- In recent times the Judiciary has come under concerted attack from the Legislature and, on one unfortunate occasion, from the presidency.
- As if that is not enough Parliament has become a virtual dictatorship.
The separation of powers is a model for the governance of a state. Under this model a state’s government is divided into branches, each with separate and independent powers and areas of responsibility so that the powers of one branch do not conflict with the powers associated with other branches.
First espoused by Frenchman Montesquieu, a great advocate of human dignity he developed the theory of separation of powers to uphold the liberty of the people. He believed that the application of the theory would prevent the overgrowth of a particular organ which would spell danger for political liberty. It is a concept adopted by democracies worldwide and has thus far stood the test of time.
In Kenya government is split into three distinct areas, the Executive, the Legislature and the Judiciary.
In recent times the Judiciary has come under concerted attack from the Legislature and, on one unfortunate occasion, from the presidency. The President described Supreme Court judges as “wakora” (rogues) after the court nullified his 2017 reelection and swore to “revisit the issue” after the by-election if he was reelected. It was not clear to the electorate whether the President was speaking in a fit of anger or whether he intended to follow through with his threat.
Ominous signs erupted when the Legislature decided to strangle the Judiciary by significantly scaling down its budget thus seriously crippling its operations. As if on cue the President in an unprecedented move declined to ratify and swear in Court of Appeal Judges approved by the Judicial Service Commission.
Opposition leader Raila Odinga was effectively neutered after the March 2018 handshake with President Uhuru Kenyatta. With the two acting in tandem they are now passing amendments and legislation in Parliament at will. The level of debate in Parliament has declined to undesirable levels as the President and the ODM leader rally their parliamentary troops to over-ride the National Assembly shogun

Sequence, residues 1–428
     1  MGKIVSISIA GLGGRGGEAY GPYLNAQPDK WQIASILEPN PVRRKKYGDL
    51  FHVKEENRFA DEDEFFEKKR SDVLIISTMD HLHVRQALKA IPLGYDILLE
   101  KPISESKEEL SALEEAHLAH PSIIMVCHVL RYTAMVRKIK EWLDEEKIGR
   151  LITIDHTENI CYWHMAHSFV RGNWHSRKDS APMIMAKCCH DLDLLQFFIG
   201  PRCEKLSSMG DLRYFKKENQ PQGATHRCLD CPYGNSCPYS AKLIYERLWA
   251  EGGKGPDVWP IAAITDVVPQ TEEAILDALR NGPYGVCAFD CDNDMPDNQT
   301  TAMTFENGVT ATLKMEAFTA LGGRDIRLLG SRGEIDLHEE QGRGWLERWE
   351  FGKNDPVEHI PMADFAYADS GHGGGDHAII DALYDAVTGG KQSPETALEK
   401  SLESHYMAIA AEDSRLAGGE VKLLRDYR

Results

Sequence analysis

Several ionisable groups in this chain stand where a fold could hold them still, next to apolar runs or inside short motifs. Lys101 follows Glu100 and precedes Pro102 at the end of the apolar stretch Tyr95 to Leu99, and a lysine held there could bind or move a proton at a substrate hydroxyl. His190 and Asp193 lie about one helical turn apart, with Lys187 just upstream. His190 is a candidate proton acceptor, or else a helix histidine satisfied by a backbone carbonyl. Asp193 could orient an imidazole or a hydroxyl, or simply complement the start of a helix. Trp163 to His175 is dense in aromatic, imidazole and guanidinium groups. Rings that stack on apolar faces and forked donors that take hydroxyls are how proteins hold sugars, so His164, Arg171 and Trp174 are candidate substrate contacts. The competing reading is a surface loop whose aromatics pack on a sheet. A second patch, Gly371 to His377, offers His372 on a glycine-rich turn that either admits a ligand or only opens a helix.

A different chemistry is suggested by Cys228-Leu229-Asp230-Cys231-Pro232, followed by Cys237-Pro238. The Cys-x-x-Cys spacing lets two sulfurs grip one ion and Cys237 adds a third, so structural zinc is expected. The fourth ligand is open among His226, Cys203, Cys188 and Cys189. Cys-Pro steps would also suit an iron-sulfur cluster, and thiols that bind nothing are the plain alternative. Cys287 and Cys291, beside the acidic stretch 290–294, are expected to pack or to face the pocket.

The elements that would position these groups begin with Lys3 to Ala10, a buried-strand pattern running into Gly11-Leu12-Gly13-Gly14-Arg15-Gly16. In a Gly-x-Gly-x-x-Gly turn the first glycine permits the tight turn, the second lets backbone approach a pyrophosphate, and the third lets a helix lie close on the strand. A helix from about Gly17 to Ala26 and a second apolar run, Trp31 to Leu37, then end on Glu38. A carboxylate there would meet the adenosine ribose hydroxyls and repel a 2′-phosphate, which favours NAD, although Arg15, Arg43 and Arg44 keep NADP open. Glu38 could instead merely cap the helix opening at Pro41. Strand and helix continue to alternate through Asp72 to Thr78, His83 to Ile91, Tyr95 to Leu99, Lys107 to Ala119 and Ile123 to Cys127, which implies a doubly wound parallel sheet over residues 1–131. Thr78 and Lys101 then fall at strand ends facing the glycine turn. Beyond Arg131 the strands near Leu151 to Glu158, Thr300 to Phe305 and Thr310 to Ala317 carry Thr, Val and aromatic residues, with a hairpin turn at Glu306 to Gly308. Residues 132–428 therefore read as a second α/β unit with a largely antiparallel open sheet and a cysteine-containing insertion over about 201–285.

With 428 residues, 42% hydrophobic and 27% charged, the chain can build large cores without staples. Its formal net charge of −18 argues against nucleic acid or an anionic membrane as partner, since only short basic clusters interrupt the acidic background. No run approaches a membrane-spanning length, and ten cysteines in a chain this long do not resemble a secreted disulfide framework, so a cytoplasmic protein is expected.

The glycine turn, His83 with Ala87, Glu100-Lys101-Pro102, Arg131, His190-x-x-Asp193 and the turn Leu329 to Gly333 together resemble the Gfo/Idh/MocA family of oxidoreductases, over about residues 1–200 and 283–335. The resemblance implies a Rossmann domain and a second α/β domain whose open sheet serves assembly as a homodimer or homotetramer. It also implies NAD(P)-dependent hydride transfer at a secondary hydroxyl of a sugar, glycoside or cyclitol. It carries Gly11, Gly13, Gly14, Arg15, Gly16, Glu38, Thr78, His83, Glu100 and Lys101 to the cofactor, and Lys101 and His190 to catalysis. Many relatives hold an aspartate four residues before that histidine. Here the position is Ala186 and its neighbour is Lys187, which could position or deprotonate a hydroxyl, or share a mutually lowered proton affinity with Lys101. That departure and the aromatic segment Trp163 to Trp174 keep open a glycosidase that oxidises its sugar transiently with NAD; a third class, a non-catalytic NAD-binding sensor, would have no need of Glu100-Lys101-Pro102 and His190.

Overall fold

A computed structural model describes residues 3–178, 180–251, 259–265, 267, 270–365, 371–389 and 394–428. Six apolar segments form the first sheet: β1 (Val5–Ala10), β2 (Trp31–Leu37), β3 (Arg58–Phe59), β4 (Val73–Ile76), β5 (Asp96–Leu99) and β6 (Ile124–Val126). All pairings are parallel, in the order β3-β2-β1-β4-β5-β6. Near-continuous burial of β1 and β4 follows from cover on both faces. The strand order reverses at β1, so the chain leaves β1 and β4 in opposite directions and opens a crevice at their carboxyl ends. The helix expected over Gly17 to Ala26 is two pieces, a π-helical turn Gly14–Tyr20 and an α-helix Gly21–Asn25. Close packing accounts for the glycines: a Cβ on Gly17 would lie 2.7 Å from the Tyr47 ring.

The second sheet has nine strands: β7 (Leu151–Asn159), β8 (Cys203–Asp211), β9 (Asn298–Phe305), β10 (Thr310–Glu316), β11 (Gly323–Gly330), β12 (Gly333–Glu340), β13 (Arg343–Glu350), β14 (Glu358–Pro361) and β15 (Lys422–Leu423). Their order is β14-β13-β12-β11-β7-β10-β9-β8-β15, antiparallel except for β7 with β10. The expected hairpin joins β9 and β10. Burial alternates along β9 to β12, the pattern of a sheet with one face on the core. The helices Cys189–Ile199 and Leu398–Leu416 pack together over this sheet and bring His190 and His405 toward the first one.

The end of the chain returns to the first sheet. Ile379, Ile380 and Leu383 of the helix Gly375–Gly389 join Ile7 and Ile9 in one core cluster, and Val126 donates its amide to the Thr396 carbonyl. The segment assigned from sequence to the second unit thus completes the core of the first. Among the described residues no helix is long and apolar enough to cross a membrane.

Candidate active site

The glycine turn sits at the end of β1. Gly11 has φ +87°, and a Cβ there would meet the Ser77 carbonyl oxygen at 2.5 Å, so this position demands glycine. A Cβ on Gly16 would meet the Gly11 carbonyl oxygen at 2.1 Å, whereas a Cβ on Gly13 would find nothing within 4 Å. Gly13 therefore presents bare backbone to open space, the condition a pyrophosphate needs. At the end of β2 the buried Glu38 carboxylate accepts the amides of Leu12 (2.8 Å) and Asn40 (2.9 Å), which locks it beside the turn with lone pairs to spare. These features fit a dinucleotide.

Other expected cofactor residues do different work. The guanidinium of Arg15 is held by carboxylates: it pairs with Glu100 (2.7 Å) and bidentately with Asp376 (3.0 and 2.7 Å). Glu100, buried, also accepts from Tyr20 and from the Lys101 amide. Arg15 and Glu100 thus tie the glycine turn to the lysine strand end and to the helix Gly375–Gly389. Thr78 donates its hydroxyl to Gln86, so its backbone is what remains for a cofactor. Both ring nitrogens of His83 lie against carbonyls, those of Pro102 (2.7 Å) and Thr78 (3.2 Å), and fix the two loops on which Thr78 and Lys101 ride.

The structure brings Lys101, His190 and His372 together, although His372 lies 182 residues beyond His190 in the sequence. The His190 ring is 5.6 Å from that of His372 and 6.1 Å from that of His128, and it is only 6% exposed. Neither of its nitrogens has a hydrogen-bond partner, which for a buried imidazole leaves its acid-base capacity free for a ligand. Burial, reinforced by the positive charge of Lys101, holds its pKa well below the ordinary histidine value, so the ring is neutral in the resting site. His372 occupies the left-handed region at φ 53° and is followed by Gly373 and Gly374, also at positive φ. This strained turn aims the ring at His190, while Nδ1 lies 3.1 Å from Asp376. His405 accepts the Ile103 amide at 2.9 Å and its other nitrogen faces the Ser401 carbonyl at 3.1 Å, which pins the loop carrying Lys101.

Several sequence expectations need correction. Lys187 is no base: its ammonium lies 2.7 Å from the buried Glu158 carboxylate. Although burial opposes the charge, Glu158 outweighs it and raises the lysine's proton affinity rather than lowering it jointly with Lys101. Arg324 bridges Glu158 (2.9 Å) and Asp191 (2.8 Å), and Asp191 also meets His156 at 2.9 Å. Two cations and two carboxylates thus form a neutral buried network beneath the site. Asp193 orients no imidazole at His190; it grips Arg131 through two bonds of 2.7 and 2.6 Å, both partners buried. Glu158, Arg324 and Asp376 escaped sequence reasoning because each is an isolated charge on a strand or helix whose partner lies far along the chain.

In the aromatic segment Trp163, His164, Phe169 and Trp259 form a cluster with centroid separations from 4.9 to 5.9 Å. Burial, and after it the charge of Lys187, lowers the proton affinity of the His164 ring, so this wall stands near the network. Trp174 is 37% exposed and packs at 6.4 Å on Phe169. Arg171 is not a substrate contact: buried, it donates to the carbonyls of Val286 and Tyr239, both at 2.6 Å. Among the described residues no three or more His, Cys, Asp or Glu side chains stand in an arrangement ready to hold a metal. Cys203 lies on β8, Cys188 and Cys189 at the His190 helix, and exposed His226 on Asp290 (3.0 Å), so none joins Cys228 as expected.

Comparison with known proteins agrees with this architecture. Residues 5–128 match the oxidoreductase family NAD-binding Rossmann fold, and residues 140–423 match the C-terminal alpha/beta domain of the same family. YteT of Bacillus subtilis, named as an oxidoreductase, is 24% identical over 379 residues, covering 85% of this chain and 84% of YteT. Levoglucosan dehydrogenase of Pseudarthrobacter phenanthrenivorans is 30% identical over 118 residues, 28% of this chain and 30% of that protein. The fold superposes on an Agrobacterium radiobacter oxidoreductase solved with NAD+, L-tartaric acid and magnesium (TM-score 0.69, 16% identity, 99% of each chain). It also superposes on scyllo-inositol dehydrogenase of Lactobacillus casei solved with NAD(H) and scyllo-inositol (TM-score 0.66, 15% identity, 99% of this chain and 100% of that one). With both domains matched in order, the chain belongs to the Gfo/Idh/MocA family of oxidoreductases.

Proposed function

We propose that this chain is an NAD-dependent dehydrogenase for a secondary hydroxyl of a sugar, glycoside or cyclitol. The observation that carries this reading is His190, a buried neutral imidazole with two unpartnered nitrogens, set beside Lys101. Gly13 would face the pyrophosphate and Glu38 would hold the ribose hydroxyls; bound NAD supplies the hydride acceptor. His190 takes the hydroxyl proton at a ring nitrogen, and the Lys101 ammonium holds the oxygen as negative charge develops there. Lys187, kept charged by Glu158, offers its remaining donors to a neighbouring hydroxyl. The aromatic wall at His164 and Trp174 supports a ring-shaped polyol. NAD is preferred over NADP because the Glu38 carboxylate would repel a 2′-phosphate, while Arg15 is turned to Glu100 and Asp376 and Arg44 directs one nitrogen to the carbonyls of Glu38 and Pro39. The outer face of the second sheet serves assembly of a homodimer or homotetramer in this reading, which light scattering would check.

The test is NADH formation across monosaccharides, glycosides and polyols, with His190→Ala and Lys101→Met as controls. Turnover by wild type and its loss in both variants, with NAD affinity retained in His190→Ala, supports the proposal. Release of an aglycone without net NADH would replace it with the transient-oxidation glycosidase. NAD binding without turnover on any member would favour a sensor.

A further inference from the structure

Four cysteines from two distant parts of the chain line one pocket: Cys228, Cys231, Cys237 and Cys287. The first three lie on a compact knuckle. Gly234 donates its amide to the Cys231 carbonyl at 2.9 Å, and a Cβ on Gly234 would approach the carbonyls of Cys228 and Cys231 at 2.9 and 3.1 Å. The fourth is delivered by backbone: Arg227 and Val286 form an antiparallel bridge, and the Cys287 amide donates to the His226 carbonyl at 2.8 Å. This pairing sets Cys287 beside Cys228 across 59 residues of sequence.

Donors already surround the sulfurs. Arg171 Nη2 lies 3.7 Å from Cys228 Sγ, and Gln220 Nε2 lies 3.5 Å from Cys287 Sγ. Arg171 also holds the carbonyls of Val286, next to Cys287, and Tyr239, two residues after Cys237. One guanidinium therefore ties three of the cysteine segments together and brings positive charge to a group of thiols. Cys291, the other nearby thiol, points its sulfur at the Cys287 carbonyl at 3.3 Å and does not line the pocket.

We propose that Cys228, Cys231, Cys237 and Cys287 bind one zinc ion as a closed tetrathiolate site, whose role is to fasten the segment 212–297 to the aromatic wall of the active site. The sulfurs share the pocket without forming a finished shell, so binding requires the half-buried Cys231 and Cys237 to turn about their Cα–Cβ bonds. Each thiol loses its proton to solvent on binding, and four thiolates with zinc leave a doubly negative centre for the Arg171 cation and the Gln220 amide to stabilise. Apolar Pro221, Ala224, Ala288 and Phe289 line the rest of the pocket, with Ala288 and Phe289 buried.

Democracy in Kenya is under subtle attack in a government at war with itself. One doesn’t have to be a “rocket” scientist” to decipher that the President and his deputy no longer read from the same script and further that Parliament has been emasculated and captured by the Executive.
Opposition leader Raila Odinga was effectively neutered after the March 2018 handshake with President Uhuru Kenyatta. With the two acting in tandem they are now passing amendments and legislation in Parliament at will. The level of debate in Parliament has declined to undesirable levels as the President and the ODM leader rally their parliamentary troops to over-ride the National Assembly shogun.
As if that is not enough Parliament has become a virtual dictatorship. In the words of Tongaren MP David Eseli Simiyu, the Speaker is selective in picking MPs during debate often picking sycophants and ignoring the more controversial and intelligent members. This is a really sad time for democracy in Kenya.
Only Musalia Mudavadi the last man standing in the opposition is constantly shadow boxing the Executive valiantly as it rides over the interests of Kenyans roughshod.
United States Ambassador Kyle McCarter has courageously shot down the Nairobi-Mombasa expressway project funded by his government due to serious concerns enumerated in his communication. Reports from the grapevine indicate that some fat cats in government are now shopping for a Chinese contractor to implement the same despite serious concerns in cost and design.
Parliament and the Executive appear to have ganged up to strangle the Judiciary. This in itself is a form of corruption and one can only guess how frustrating it is for Chief Justice David Maraga to oversee an institution that is being killed gradually by other arms of government. Or is it a plot to force him out of office by concerted frustration leading to resignation?
A similar game appears to be playing out on Deputy President William Ruto. People in high office often disagree on principle and implementation but that should not be allowed to hamper operations. People have been known to agree to disagree and thereafter continue to work in harmony once the grey areas have been identified.
The other option, of course, is to request a deputy to hand over a letter of resignation forthwith once a CEO has lost confidence. The body language and lack of rapport between our top leaders do not augur well and will eventually affect government operations.